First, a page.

I was back in at Elite Sports Performance for another Strength & Conditioning Coaching session with Coach Todd Carlon this morning, with the focus of training geared towards improving my Squat using the Cambered Bar and also Lactate Buffering using the Powerbands.  I am not sure where the Powerband Squat with 6 bands idea came from, however I suspect that S&C coach and owner of Elite Sports Performance Martyn Girvan either developed it or came across it somewhere in his many years of training and experience.  It has been an great 6 months training at Elite Sport Performance as I have probably learnt more in this short time than what I would have learnt over the last 3-5 years.  As an Osteopath and someone who has a keen interest in exercise prescription and strength and conditioning, I am a big believer in immersing yourself within as many different training modalities and only through trying things out yourself, will you develop a good understanding of the exercises and why they are performed.  From a coaching point of view and giving advice to my clients, I am also a big believer that having tried the exercise or approach before will mean that I am more likely to be able to help my client out with regards to their learning of this exercise.

A quick run down on lactate buffering…

As many of you who are reading this would know, lactic acid is produced within the muscle as a response to exercise when we don’t have enough oxygen available to allow for the breakdown of glucose.  From a training point of view, this typically occurs when we are training anaerobically for periods of 1-3 minutes and more.  An example of this is when we run at a high intensity for 1-3 minutes and we are not able to get enough oxygen into the system.  At this point we will often start to feel a burning and fatigue within the muscles and this is often when performance can drop off.  To read more about this process and why lactic acid occurs, please check out this article I found on the internet.  Please click here.

When we look at various sports performed at the elite level, more and more we are seeing the game intensity and speed increase.  This is as a result of both rule changes, athletic performance and also a change in the way the game is coached and played.  These days we see many more interchanges due to the high physical demand on players in a short time.  Players are subbed off for a quick break before returning to the field.  The better the players ability to perform at a high level with lactate, the more likely they will outrun their opponent and hopefully their team wins.  This is even more important when players get injured and there are less people available on the bench to rotate out for a rest.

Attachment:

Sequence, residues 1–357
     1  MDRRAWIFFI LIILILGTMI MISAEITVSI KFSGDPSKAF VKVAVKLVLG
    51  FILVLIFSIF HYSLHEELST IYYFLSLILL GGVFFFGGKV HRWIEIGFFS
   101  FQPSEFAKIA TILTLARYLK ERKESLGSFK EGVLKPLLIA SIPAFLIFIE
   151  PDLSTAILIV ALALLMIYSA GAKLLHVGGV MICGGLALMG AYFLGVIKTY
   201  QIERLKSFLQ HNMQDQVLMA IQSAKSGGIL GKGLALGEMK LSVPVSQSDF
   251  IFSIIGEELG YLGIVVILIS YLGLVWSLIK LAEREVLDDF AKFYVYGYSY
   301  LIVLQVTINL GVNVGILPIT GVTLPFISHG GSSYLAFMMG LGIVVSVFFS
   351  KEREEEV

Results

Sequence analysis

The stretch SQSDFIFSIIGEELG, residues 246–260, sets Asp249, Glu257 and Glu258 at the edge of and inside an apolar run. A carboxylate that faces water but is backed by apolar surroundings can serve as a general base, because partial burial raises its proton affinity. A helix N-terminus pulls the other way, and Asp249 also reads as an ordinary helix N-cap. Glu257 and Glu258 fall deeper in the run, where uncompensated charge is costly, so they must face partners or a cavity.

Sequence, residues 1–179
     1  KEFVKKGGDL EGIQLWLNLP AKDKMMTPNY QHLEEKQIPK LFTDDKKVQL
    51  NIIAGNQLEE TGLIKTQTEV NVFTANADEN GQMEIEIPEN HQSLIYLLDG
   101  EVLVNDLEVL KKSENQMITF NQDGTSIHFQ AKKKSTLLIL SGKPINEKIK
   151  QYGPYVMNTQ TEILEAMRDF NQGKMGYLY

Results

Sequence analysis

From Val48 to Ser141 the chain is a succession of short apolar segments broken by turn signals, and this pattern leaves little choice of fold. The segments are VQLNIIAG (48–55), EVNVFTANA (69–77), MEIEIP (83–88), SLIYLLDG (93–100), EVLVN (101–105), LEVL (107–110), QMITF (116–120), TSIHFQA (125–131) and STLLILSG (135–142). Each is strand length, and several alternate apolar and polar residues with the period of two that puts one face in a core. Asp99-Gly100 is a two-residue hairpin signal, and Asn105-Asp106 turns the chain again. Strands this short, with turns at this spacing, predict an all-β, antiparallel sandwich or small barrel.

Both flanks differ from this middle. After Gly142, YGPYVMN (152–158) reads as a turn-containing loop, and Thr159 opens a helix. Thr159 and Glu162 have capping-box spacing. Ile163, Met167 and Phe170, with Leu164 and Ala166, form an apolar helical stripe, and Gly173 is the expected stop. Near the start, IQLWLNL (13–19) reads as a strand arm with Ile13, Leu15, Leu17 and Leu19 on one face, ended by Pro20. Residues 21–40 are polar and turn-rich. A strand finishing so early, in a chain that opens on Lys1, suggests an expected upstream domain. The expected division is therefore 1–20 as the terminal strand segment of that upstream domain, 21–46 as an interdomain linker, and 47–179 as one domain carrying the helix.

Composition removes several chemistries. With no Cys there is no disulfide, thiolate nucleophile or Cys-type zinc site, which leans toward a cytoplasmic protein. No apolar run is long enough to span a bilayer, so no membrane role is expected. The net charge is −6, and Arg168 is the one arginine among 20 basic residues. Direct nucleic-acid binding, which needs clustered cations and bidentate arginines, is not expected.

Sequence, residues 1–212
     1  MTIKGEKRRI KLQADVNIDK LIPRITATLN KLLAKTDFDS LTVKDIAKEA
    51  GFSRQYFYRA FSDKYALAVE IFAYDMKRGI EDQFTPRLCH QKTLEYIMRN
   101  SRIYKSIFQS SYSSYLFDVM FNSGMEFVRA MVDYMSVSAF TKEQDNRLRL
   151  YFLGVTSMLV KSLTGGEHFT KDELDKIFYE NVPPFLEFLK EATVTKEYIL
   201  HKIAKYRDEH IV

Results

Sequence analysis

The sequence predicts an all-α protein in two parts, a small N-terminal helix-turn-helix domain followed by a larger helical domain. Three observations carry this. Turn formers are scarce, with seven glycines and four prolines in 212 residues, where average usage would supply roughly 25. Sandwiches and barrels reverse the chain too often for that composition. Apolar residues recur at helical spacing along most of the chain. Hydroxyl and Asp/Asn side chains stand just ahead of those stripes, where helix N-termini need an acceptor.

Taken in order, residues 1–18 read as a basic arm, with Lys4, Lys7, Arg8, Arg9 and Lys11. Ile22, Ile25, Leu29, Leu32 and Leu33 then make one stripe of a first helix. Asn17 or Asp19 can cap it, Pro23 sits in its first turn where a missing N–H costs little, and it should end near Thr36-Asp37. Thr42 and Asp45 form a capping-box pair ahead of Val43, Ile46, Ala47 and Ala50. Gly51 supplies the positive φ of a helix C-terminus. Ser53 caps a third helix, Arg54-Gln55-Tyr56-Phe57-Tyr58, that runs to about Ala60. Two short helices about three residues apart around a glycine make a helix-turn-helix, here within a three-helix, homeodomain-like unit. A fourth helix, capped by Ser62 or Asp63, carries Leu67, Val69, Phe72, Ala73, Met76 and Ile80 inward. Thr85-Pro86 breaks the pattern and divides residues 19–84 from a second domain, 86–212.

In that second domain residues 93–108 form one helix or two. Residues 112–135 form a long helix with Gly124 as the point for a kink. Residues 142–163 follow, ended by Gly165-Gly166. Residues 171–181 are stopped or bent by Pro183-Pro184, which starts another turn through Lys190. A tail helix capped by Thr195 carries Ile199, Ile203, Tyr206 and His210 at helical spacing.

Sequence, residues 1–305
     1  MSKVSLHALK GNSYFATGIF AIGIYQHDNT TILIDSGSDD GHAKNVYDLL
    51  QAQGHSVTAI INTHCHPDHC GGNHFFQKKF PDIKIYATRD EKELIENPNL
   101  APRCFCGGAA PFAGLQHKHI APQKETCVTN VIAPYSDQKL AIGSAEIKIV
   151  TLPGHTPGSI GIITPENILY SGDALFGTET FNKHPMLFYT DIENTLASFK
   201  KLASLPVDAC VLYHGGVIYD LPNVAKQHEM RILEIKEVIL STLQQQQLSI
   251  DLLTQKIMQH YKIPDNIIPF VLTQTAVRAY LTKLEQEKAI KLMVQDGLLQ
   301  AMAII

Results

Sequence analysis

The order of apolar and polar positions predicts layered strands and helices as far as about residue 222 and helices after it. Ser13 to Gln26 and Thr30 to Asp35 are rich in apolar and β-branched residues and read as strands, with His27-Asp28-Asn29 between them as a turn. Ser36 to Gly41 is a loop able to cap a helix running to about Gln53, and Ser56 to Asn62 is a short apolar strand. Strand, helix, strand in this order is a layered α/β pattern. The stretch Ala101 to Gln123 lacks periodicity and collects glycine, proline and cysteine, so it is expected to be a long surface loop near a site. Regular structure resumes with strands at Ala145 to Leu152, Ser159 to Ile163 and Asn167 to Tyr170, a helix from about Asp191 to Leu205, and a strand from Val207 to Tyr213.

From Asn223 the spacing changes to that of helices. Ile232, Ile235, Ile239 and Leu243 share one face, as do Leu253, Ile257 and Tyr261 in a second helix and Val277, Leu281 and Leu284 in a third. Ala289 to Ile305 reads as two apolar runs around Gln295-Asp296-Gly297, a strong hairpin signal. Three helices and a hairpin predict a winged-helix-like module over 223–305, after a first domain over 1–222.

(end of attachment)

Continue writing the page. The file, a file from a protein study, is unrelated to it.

The idea with Lactate Buffering is that we train the individual, we are trying to train them to be able to withstand the physiological demands placed on them during game situations.  Often training individuals requires training to either be more intense than the game day or at the very least, similar.  This approach can be completed by carrying out “like” type training such as running, match simulations etc or can also be performed by cross training.  Depending on the sport, cross training could include running, cycling and swimming etc.  We are also able to create this in the gym environment.   I have seen the coaches at Elite Sports Performance do this via Kettlebell Ladders (where you perform 10 reps of 12kg all the way up to 62kg and then back down to 12kg – each set taking 7-9 minutes) and then resting before completing the set again as prescribed.  The same can be done with pushing the Prowler within the gym where the individual is required to perform as many laps as they can within a certain time frame.  Powerband Squats are another way of performing this and I will go into more detail below.  From an exercise variables point of view, the duration of the exercise, sets, reps, rest breaks, weight or exercise to be performed can all be varied for lactate buffering training.